By LAUREN KORDUNER
In her office, City Treasurer Laura Parisi keeps a photo of herself wearing a borrowed prop from
the most recent production of “Lagunatics,” a musical parody where city officials are routinely skewered.
In the image, she looks poised and at ease, wearing a sweet yet supercilious expression, and a colorful police car jumpsuit made of cardboard. The license plate read “No. 1 pig,” which had been worn by the retiring police chief. Both had roles in the show.
For Parisi, the photo is a talisman from her own self-improvement plan.
“I needed to address my own apprehension. That’s why I took the path I did in areas that are so not me,” said Parisi, who until recently took pains to avoid the spotlight.
Who knew casting in“Lagunatics” was preparation for a leadership role in a statewide professional group?
Last week, Parisi was appointed legislative chair of the California Municipal Treasurers Association. She will be responsible for monitoring proposed legislation affecting municipal treasurers.
By virtue of that position, she will also be a member of the revenue and taxation committee in the League of California Cities, a lobbying group for the state’s 473 cities. Her term as CMTA legislative chair begins Dec. 1. She succeeds Anaheim’s retiring Charlene Parker. The term is subject to renewal in April and is at the discretion of the incoming president.
“She has shown leadership and an incredibly broad knowledge that has contributed to the overall success of CMTA,” said the association’s president, Bill Gallardo of Brea. He appointed Parisi late last week.
She had already served as vice chair of the division, organizing educational meetings for the county’s municipal treasurers, including an upcoming winter luncheon with the county assessor.
Her responsibilities as CMTA legislative chair will include educating treasurers in various municipalities, including cities, water and health districts, throughout the state on how new laws affect their ability to invest.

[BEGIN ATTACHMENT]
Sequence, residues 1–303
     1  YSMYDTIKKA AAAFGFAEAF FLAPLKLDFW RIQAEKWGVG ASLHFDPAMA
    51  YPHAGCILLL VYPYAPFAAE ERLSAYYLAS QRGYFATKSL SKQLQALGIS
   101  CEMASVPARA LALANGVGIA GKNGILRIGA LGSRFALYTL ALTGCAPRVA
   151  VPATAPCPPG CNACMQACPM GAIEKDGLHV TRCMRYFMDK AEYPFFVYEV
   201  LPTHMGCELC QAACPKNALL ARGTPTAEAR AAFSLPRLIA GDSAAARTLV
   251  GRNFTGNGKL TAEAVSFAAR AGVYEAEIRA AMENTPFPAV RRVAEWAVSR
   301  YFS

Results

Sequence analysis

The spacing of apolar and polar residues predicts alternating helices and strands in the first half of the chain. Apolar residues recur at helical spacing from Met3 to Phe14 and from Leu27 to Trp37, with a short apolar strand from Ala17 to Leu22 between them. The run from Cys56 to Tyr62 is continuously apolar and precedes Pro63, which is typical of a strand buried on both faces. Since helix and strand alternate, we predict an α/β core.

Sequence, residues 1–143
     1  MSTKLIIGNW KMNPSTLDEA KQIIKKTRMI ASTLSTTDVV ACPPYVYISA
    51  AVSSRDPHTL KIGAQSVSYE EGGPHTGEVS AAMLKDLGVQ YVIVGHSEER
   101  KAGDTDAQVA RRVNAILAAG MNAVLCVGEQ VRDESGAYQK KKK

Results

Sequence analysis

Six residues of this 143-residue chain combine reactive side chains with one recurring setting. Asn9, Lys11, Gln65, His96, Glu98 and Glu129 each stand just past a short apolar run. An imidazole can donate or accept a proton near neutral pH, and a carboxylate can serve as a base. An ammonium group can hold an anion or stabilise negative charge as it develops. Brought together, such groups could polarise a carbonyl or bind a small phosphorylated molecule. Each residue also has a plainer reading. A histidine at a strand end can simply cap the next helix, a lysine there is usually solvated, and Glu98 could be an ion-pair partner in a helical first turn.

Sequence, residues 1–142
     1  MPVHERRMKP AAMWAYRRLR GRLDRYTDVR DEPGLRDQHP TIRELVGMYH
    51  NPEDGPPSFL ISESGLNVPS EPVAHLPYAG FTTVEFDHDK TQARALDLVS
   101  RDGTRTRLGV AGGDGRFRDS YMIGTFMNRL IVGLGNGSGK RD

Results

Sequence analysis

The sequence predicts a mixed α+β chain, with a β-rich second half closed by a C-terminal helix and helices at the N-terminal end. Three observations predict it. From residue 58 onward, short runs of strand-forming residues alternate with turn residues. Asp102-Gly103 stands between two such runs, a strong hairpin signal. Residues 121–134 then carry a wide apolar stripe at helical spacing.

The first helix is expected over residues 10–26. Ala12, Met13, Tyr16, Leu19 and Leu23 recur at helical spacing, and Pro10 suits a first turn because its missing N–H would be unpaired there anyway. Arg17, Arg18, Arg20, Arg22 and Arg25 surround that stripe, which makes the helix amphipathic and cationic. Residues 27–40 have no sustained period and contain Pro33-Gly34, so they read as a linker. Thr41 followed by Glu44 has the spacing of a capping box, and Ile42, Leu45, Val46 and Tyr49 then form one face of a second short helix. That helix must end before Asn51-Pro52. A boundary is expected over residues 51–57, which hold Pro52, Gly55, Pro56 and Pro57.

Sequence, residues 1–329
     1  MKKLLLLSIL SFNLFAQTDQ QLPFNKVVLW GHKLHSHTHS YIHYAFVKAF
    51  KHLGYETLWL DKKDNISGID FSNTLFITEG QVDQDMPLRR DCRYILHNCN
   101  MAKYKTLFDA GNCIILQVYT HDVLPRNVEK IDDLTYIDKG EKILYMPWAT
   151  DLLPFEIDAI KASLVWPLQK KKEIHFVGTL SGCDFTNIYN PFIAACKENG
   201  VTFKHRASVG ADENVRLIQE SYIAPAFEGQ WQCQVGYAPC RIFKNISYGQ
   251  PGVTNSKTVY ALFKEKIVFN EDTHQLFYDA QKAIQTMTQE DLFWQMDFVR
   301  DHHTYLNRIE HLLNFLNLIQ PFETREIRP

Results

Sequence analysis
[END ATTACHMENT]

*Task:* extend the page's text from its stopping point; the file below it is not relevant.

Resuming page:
“I am most looking forward to staying current on legislative changes and having a voice in the analysis of those changes,” Parisi said.
Gallardo said Parisi’s 25 years of experience as a certified public accountant also made her an attractive candidate for the position of legislative chair.
She began her career at Price, Waterhouse, Cooper in Chicago. Later, after moving to California, Parisi began work at W.R. Grace and Co. as a senior analyst. Eventually, she would become chief financial officer and vice president of a Grace division.
“She has experience dealing with the Securities and Exchange Commission and she’s comfortable reading laws and technical materials,” Gallardo said.
Parisi, who is elected to office, has been Laguna Beach’s treasurer for more than five years. Since the position is part time, it permits Parisi to have afternoons free for her children David, 15, and Alexandra, 13.
Now that they are a little older, Parisi said, she feels more comfortable with the occasional business trip. “As long as they’re chaperoned,” she emphasized. “It might be good for them.”
She’s happy she can set a good example of giving back to the community.
“CMTA is a good organization dedicated to the education of treasurers,” Parisi said.
Thinking of her kids, she added, “You’re never too old for education.”
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